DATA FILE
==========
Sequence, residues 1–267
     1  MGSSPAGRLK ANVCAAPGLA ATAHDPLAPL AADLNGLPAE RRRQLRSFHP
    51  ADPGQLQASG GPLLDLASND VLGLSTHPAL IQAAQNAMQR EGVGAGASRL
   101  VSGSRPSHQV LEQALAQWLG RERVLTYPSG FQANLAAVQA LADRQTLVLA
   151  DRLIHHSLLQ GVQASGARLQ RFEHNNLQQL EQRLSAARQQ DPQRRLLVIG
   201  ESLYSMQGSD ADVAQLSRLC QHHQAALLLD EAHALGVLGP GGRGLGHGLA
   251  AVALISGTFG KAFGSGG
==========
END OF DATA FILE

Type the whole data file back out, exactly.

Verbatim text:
Sequence, residues 1–267
     1  MGSSPAGRLK ANVCAAPGLA ATAHDPLAPL AADLNGLPAE RRRQLRSFHP
    51  ADPGQLQASG GPLLDLASND VLGLSTHPAL IQAAQNAMQR EGVGAGASRL
   101  VSGSRPSHQV LEQALAQWLG RERVLTYPSG FQANLAAVQA LADRQTLVLA
   151  DRLIHHSLLQ GVQASGARLQ RFEHNNLQQL EQRLSAARQQ DPQRRLLVIG
   201  ESLYSMQGSD ADVAQLSRLC QHHQAALLLD EAHALGVLGP GGRGLGHGLA
   251  AVALISGTFG KAFGSGG